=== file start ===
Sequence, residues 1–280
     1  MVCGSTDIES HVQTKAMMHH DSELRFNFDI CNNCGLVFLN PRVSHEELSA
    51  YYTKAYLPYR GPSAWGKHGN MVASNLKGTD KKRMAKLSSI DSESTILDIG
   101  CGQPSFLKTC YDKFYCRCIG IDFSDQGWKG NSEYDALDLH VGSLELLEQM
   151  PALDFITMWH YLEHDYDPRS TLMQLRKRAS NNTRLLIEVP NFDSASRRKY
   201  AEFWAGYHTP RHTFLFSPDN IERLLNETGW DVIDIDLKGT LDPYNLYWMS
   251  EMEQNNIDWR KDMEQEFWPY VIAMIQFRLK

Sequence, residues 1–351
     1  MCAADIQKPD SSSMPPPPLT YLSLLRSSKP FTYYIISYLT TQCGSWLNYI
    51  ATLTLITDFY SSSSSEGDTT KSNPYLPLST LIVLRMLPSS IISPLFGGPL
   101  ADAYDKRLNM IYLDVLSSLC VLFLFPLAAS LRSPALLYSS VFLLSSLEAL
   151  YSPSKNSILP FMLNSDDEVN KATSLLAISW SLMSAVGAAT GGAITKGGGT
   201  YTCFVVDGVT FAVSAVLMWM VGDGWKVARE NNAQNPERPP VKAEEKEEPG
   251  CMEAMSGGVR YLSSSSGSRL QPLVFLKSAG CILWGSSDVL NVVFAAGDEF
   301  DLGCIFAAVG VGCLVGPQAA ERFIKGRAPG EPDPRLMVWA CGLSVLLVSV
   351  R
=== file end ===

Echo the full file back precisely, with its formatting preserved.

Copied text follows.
Sequence, residues 1–280
     1  MVCGSTDIES HVQTKAMMHH DSELRFNFDI CNNCGLVFLN PRVSHEELSA
    51  YYTKAYLPYR GPSAWGKHGN MVASNLKGTD KKRMAKLSSI DSESTILDIG
   101  CGQPSFLKTC YDKFYCRCIG IDFSDQGWKG NSEYDALDLH VGSLELLEQM
   151  PALDFITMWH YLEHDYDPRS TLMQLRKRAS NNTRLLIEVP NFDSASRRKY
   201  AEFWAGYHTP RHTFLFSPDN IERLLNETGW DVIDIDLKGT LDPYNLYWMS
   251  EMEQNNIDWR KDMEQEFWPY VIAMIQFRLK

Sequence, residues 1–351
     1  MCAADIQKPD SSSMPPPPLT YLSLLRSSKP FTYYIISYLT TQCGSWLNYI
    51  ATLTLITDFY SSSSSEGDTT KSNPYLPLST LIVLRMLPSS IISPLFGGPL
   101  ADAYDKRLNM IYLDVLSSLC VLFLFPLAAS LRSPALLYSS VFLLSSLEAL
   151  YSPSKNSILP FMLNSDDEVN KATSLLAISW SLMSAVGAAT GGAITKGGGT
   201  YTCFVVDGVT FAVSAVLMWM VGDGWKVARE NNAQNPERPP VKAEEKEEPG
   251  CMEAMSGGVR YLSSSSGSRL QPLVFLKSAG CILWGSSDVL NVVFAAGDEF
   301  DLGCIFAAVG VGCLVGPQAA ERFIKGRAPG EPDPRLMVWA CGLSVLLVSV
   351  R